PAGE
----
New Friends, Old Friends,
Thirty years ago I worked on a musical comedy with a world famous composer. The result of our collaboration was not a success, but we had become friendly during the two years we put the show together, and after the ill fated show closed, the elderly, ailing composer and his elegant wife asked my wife and I to be their friends. There was something sweetly innocent about such a request, and I will admit, flattering, given the fact that he was a world renowned figure in the arts, and a bit of a curmudgeon, famous for his music but not his congeniality. We never expected this request. I had worked on shows long enough to know that the close family formed by a show's company usually falls apart when the show closes and people return to their old lives and new projects, but this couple did not want this to happen to us.
The composer's wife told us that so many of their old friends were ailing and dying, and that they needed to find new, younger friends to see them through the latter part of their lives which for all their fame and wealth had become an extremely lonely time. Althought they had children and grandchildren, they knew the special value of friendship. And so we became friends. Not the friendship one has with a contemporary, someone who shared schooldays and early hopes and a common frame of reference. But friendship none the less. I call it rainy day friends, the friends we need as we face grave illnesses and disappointments, the friends who help us through our losses. The composer and his wife are long gone, but now my wife and I find ourselves their age and facing the same losses, the ranks of friends and acquaintances are thinning, every month brings a phone call with news of some terrible malady afflicting people we care about.
If one is not religious one is unable to fall back upon some notion of a divine design in the lives of men and woman, it can be a bleak and lonely time. Children are caught up in their own lives and cannot be expected to provide the companionship that only friends can give. And so we, like the old composer and his wife, cherish our old friends and search for new friends to fill in the ranks. The rich and the powerful can always find company and amusement, but company is not friendship, and amusement is more often just distraction. Reading is a great ally against loneliness, forget newspapers with their scandals and rock stars - its books that we can turn to for company, little can beat an afternoon with Proust or Tolstoy or Agatha Christie - except for a friend. Quite simply, nothing can ever replace the company of a good friend. Friendship allows that open exchange of views, the telling of joys and troubles, the sharing of a common sense of life, its pains and its pleasures, and best of all, some reckless laughter - not the telling of jokes but the recounting of those absurd, common experiences we all have as we try to get through this life with some comfort and a little warmth.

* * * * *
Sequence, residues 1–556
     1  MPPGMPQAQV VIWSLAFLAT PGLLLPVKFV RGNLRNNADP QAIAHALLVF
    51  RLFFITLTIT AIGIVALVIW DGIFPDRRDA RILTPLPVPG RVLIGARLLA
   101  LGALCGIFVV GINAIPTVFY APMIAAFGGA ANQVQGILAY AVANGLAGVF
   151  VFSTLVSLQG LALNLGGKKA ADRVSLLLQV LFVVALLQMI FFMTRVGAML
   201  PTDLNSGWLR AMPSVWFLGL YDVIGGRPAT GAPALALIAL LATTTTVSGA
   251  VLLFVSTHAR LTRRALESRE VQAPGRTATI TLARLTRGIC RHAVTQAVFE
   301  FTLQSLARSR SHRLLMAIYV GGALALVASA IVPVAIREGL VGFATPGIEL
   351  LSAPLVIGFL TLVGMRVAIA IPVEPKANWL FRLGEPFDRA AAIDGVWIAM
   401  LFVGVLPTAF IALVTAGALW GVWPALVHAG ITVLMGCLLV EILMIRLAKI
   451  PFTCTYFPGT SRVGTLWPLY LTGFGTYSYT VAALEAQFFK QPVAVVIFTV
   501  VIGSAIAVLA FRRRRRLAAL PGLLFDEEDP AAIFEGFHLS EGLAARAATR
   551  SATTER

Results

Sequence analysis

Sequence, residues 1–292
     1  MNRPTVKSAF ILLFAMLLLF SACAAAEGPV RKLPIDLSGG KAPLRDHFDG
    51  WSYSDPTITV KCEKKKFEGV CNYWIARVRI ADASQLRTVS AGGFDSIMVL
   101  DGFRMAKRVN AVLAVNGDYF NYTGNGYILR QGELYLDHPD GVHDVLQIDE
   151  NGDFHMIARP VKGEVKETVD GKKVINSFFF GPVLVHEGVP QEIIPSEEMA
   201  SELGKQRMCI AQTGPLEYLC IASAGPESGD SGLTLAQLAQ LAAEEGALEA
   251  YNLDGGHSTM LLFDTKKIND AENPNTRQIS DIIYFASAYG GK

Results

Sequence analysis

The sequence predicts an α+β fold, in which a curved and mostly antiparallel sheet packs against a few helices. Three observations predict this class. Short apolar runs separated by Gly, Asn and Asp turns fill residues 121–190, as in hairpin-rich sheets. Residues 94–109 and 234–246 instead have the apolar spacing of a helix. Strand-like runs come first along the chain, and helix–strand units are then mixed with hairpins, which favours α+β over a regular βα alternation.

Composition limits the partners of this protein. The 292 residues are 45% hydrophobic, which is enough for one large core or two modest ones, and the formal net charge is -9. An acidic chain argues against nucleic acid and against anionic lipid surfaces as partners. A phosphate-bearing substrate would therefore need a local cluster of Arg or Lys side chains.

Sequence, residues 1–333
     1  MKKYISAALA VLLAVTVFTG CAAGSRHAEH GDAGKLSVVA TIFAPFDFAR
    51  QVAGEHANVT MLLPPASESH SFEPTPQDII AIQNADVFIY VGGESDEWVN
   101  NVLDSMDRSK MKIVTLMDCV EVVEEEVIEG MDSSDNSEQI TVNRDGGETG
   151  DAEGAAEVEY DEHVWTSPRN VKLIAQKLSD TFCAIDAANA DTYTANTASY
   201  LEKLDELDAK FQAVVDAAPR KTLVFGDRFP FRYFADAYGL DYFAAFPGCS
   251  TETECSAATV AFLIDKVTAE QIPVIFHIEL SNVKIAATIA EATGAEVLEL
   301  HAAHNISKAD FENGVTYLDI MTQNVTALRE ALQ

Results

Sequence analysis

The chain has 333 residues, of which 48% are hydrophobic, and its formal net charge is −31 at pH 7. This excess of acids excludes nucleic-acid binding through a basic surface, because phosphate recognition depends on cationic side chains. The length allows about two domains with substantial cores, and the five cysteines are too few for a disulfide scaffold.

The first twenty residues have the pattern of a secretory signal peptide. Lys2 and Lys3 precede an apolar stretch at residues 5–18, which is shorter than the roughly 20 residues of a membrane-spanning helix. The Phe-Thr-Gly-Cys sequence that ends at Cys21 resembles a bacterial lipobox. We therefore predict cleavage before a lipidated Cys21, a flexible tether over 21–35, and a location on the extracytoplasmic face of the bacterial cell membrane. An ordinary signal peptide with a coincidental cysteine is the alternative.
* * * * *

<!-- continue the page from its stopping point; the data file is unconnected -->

Friendship can be dangerous at any time of life, friends abandon, friends betray, a friendship gone awry can open you up to a deepening sense of loss; worse still friends relocate, die and disappear from view. In the past two years I have lost two of the most amusing, engaging people I have ever known, the novelist Lois Gould, and my song writing partner, the arranger/composer Wally Harper. With their deaths a great hole opened up in my life, both were wry, outrageous, supremely funny, full of spectacular flaws, yet life enhancing people dedicated to their art and to the art of friendship. Trust me, friendship is an art form that requires some talent and training, and like everything in life, some do it better than others.
Getting older often means you return home from an afternoon at the movies and discover that nobody has left a message in your answering machine. It means that your e-mail has more spam than a GI's sandwich in WWII. It means that you must find within yourself something beyond yourself; new work and a fresh, passionate engagement with the world, easy to desire, not always easy to accomplish. If one allows age to become a spectator sport, one is lost to life, and to new people and new ideas. One needs the courage to pick up a telephone and initiate a call; friendship requires risk, at seventy you are a teenager again, facing rejection and hurt, but a good life requires risk, even if an old friendship ends in estrangement. Getting older means taking more chances - which is not to be confused with a trip to Las Vegas.
I have been especially blessed in life by knowing the affection of some terrific, caring people, delightful people with sharp minds and soft hearts. As long as one lives, the door can never be closed to new people, new ideas, and new experience. I suppose I thought of this today when news of an old friend's illness came to me. And I have been working on a memoir, "Spotless" which covers the first seven years of my life in a family that is no longer alive, and one I treasure more and more with time. There has been something exhilarating about trying to evoke their lives again, after so many years. One can get lost in the past, so I must remind myself from time to time to look ahead and phone a friend. Just like in childhood, we need our rainy day friends.